Westmead senior paediatric orthoptist LOUISE BRENNAN was redeployed to a COVID response team at the peak of the Sydney outbreak last year. She recounts the opportunity to support isolating households.
I have worked through a range of challenges within my 27 years as an orthoptist at the Eye Clinic at The Children’s Hospital at Westmead, but nothing compares to my experience at the height of the COVID-19 pandemic in NSW.
My ‘business as usual’ role is in the Eye Clinic working as part of the ophthalmology team, who see more than 10,000 children each year. But for a 12-week period from August 2021, my role shifted completely.
When COVID-19 cases began to rise in children, I put my hand up to be redeployed to the virtualKIDS ‘CORT’ team (COVID-positive Outpatient Response Team), to help support the increasing patient numbers. Lockdown, coupled with lengthy wait times for online groceries and essentials, meant that some households affected by COVID-19 needed extra and immediate help.
In my role as logistics coordinator for the CORT team, I helped organise the distribution of much needed items such as formula, nappies, personal care, medical equipment and emergency supplies of food for COVID-affected children and their families. This also involved working with many partners and other support agencies to coordinate requirements for families.
Sydney Children’s Hospitals Network cared for thousands of children through virtualKIDS; a collaborative service providing healthcare, virtually and in-person, to children who have tested positive for COVID-19 but are well enough to be cared for at home.
Staff from all areas of the network were redeployed into emergent roles to meet the surge in demand of caring for COVID-19 affected patients and families. With the demands for care vast and various, this presented staff with the opportunity to extend their scope-of-practice laterally and embrace skills not traditionally within their chosen profession.
The virtualKIDS logistics team consisted of staff from ophthalmology, rehabilitation, cardiology, nursing, orthotics, audiology, speech pathology, health promotion, pharmacy, allied health assistants, administration, transport and porters, to name a few. Not only did the team support children in Sydney, but also health colleagues in rural and regional areas of NSW as cases increased in areas outside of Sydney.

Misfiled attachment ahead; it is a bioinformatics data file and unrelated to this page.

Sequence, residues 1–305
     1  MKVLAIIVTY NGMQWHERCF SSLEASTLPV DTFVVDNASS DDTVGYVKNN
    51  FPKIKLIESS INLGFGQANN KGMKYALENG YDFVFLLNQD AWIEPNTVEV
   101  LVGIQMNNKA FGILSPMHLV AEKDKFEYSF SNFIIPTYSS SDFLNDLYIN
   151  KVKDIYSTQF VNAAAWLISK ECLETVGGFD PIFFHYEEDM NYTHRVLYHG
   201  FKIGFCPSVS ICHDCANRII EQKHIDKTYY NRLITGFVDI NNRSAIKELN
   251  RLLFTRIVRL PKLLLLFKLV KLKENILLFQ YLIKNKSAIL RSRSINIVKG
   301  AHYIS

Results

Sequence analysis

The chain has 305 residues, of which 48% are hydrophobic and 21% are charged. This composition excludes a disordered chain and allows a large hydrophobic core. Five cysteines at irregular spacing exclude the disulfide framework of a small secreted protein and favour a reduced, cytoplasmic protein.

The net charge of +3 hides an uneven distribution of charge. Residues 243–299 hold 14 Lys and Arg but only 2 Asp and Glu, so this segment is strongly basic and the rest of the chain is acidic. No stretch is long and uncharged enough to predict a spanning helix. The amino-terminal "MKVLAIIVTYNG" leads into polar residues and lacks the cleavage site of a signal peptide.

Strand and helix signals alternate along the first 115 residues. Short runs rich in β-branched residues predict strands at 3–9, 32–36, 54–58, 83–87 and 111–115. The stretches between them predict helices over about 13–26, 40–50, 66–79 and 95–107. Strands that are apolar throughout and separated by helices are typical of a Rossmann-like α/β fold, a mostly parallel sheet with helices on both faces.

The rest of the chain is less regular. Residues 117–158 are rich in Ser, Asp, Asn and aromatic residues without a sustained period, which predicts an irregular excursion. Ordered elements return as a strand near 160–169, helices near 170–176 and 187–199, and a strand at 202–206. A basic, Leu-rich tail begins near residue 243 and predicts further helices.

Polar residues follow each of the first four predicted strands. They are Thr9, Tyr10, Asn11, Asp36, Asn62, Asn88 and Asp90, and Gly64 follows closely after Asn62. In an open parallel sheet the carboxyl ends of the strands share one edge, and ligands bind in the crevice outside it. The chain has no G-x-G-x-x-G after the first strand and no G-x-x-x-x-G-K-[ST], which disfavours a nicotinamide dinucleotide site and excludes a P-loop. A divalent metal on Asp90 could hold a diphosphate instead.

The team covered a seven-day roster in the peak of the pandemic response, enabling emergency logistics supplies to be picked, packed, documented and delivered to isolating families. Other team members worked on telehealth care for COVID-positive patients and families, and some were part of ‘Flying Squad’ teams, made up of doctors and nurses who visited homes to provide in- person care and deliver the essentials that we in the logistics team had organised for distribution.
The highlight of my time in virtualKIDS CORT logistics was the genuine impact the team were able to make on families going through an incredibly difficult time. It was satisfying knowing we had made a real difference to the parent and carer’s ability to care for their children.
I enjoyed the challenge of the role and meeting lots of new staff who came from a wide background in health, who I normally would not work with in my substantive orthoptic role. We all came to the team with the common goal of helping others. I am proud our team contributed to the community and made that time a little easier for children and families doing it tough in isolation.
To date, more than 12,000 children have received care through the virtualKIDS service since late June 2021. More than 2,000 parcels have also been delivered to families across Sydney, reaching north into the Hawkesbury region, as far south as the Illawarra, and west into the Lower Blue Mountains through to the Sydney beaches. The support reached patients and families further afield too, providing toys and other goodies to rural and regional NSW.